In a recent article on the BBC news website, online entrepreneur Charles Duncombe claimed that spelling mistakes are costing UK etailers millions of pounds a year in lost revenues. Credibility is everything when it comes to converting visitors to customers in your online shop, and bad spelling does little to convince the public that you are a trustworthy and professional organisation. Mathias Duda, head of UK opperations at FACT-Finder, explains why the problem may be worse than predicted…
“When you sell or communicate on the internet, 99% of the time it is done by the written word,” says Duncombe. And with around six seconds to make an impression with your ecommerce site, this means that any spelling errors can have a very damaging effect on this.
However, the problem goes much further than this and the frightening reality is that Duncombe’s estimates may only be the tip of the iceberg. Incorrect spelling not only affects people’s opinion of your site, but it also affects their ability to find the products that they are looking for. And this is only likely to become worse as brands spread their global footprint and open their sites up to cross-border trading, and, therefore, people searching in languages, which are not their mother tongue.
It also goes to highlight the need for etailers to incorporate error tolerant searching into their site functionality. At present, too many online stores do not have search functions that can cope with even the most common product misspelling such as “fischer-price” instead of “fisher-price”, or “chocolat” instead of “chocolate”.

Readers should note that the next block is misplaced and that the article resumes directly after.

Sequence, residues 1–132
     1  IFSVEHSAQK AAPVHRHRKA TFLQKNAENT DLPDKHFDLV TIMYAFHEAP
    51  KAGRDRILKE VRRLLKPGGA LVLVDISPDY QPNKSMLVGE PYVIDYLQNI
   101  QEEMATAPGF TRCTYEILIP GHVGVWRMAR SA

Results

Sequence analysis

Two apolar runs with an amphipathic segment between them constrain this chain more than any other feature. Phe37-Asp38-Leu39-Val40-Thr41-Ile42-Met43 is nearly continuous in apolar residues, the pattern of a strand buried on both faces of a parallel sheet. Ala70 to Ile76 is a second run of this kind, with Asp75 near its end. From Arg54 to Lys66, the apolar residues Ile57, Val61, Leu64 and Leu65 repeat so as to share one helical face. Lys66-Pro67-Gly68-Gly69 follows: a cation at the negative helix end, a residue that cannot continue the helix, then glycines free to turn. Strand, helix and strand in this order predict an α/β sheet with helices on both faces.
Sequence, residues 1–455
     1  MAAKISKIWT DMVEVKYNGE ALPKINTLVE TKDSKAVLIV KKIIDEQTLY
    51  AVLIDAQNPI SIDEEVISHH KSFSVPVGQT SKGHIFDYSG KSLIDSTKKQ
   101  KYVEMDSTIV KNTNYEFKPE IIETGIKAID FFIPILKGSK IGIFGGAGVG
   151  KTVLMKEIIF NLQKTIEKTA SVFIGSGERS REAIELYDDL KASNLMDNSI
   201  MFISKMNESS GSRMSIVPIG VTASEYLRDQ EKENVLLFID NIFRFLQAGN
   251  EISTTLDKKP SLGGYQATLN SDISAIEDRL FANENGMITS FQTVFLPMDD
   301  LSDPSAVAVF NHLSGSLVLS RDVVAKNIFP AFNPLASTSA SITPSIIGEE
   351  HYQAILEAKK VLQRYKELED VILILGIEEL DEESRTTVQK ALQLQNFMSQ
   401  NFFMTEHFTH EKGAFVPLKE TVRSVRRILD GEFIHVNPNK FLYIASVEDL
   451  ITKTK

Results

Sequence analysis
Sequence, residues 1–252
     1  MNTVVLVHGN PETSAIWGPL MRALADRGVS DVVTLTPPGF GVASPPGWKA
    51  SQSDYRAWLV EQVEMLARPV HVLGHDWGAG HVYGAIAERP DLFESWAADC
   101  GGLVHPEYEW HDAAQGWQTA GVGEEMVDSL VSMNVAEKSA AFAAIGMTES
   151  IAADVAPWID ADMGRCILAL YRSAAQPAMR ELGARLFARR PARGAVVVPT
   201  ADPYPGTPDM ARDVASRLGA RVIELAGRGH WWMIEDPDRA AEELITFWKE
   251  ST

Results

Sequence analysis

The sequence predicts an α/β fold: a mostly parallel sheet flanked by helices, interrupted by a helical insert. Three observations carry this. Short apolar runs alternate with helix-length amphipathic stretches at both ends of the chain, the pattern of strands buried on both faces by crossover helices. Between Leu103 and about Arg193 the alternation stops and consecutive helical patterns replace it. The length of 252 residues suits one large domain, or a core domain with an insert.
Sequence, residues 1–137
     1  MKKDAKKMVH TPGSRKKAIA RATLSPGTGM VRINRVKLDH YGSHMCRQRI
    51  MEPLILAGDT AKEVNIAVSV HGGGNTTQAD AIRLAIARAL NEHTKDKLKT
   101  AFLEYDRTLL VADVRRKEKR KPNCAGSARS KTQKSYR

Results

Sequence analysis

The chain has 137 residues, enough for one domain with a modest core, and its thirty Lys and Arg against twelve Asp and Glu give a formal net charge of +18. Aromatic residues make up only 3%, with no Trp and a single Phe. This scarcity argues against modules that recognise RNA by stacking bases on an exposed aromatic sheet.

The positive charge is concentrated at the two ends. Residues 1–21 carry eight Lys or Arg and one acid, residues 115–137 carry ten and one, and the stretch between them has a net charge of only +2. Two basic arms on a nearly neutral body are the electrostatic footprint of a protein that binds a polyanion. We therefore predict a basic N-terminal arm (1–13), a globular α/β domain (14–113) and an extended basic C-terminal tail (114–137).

Indeed, our research among the 1,000-plus European retailers we work with at FACT-Finder has shown that 30-40% of search queries are spelled differently to the product listings. In one week, for example, we found over 80 different misspellings of the word Birkenstock – for a retailer selling shoes, this is powerful information.
The lack of any “longtail” functionality, where provided a misspelling is similar enough to the entries in the database the search will still return the correct product, could already be resulting in billions of pounds in lost revenue a year for online retailers. And this is only set to rise as cross border trading increases.
With a range of search products now available as out of the box solutions or as software as a service (SaaS), this type of search functionality is not reserved for the Amazons and Tescos of this world, and is well within the reach of even small online shops. So businesses can at least solve part of the problem. Fixing the nation’s issues with basic literacy is of far greater concern and will take considerably more effort.
By Mathias Duda
Head of UK Operations